Takeshi Kitano has won some U.S. recognition for his oddly
ruminative yakuza films, the best-known probably being 1993’s
“Sonatine” and 1997’s “Hana-bi” (“Fireworks”), but this partial
change of pace proves a sad indulgence. Kitano stars under
his thespic pseudonym as the title figure, a gruff, nasty thug
who’s forced by his wife (or girlfriend, it’s not clear which)
to take a young neighbor boy, Masao (Yusuke Sekiguchi), on an
odyssey to find the mother who apparently has abandoned him.
The character Kitano plays has the same surly, volcanic mien as
the gangsters he’s previously essayed, but in this instance,
despite his penchant for insulting everybody who has the
misfortune to come into contact with him and acting belligerant,
he’s a semi-pathetic comic figure, intended to be Chaplinesque
as well as Bogartesque. And like so many screen tough guys of
the past, his contact with a child shows that he’s got a soft
heart despite the harsh exterior, and by the end of their joint
journey he’s grown almost paternal in his attitude toward the
kid. This lovable curmudgeon layer of the picture, perhaps
most ponderously portrayed in a sequence in which Kikujiro
attempts to swim, gives Kitano a chance to chew the scenery
and play for auudience sympathy, with pretty dismal results.

The plotline insures that to a certain extent the picture is
going to be formulaically sentimental twaddle, of course, and
indeed it does resemble a bad old John Hughes movie–1991’s
“Dutch,” in which blue-collar Ed O’Neill had to transport
snotty Ethan Randall cross country while a series of comic
episodes led them to bond–except in this case it’s in
Japanese, and Kitano’s turgid directorial pacing makes it seem
to be running at half-speed. But Kitano has more than this
in mind: he apparently wants the picture not only to be
simple-mindedly picaresque, but also to try to portray the
duo’s adventures almost surrealistically from the child’s
point of view. This leads him to stage the various episodes
with a hamfisted quirkiness that’s designed to raise the
picture beyond the pedestrian level of road-movie sappiness.
But the result is to make it frequently weird and unpleasant.
An episode in which Masao is lured away by a pederast, who
tries to molest him in a park (and who later reappears in
the boy’s nightmares), is simply repellent; and when, later
on, the pair join up with two oddball bikers and a travelling
writer who engage in all sort of shenanigans (most involving
either nudity or self-debasement) to amuse the kid after his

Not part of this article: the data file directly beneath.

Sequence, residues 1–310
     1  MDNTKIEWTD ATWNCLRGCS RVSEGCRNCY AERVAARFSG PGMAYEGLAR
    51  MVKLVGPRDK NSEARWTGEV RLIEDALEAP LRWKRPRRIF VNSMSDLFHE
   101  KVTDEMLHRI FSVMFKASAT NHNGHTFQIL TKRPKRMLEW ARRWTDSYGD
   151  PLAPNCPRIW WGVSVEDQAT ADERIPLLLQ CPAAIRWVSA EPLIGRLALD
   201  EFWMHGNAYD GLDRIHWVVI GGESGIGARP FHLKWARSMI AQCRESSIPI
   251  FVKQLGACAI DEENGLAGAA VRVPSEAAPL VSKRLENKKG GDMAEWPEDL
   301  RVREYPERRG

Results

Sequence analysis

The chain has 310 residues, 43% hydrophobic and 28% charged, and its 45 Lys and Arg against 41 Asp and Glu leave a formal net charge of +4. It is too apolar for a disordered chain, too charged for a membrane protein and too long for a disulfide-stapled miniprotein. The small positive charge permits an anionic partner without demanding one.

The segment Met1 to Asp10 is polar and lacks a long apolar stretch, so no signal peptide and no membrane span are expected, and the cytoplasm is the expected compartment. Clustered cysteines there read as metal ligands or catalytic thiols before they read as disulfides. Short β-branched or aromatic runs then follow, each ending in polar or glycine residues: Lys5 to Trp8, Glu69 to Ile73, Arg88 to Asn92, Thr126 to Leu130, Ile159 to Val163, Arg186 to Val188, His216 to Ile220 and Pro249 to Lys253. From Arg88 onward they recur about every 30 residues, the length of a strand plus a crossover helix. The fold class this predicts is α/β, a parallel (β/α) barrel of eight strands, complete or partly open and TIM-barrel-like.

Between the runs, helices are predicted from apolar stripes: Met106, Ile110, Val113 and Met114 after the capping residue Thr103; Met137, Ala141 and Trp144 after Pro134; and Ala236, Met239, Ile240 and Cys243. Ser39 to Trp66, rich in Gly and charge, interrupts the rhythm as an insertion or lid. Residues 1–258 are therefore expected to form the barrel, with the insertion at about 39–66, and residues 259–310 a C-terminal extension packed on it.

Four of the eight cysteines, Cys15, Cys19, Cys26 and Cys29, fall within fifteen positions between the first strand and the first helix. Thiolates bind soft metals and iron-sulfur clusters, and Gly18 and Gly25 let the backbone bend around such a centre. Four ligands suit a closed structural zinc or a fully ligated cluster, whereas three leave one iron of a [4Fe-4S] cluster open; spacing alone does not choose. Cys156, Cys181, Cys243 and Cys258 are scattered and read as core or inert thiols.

hoped-for meeting with his mother has failed to pan out, the
protracted whimsy gets positively deadly. Kitano’s decision
to introduce many of the sequences with images and titles
annoncing what will follow is, moreover, heavy-handed and
distracting rather than magical (as was obviously intended).
The device is, once again, clearly supposed to represent the
boy’s perspective on events and create a mood of childlike
wonder, but it winds up seeming more like a hapless variant of
the “family postcard” montage that ended “National Lampoon’s

Still, though Kitano’s characterization is overly familiar, the
storyline too predictable and the style overly contrived,
“Kikuhiro” might have maintained a modest charm if it weren’t
for the singularly ineffective performance of young Yusuke
Sekiguchi as Masao. Simply put, the kid’s so glum and impassive
that it’s impossible to muster affection for him. At the
beginning of the picture he’s shown gamboling about the streets
with a school pal, who’s much more animated and expressive; if
that other boy had been moved into the lead role, the picture
could have had a chance, even though the utter embarrassment
inflicted upon Great Gidayu, Rakkyo Ide and Nezumi Mamura as
the trio of whimsical clowns toward the close would have
remained a potent obstacle.

That the shopworn idea of a journey bringing together a gruff
adult and a naive but winsome child can still work as a
narrative scheme was demonstrated only a couple of years ago
by Walter Salles’ remarkable “Central Station” (the real best
foreign-language picture of 1998, not the smarmily meretricious
“Life Is Beautiful”). But though one might respect Kitano’s
attempt to put a new seriocomic twist on the oft-repeated plot,
“Kikujiro” winds up as a complete misfire.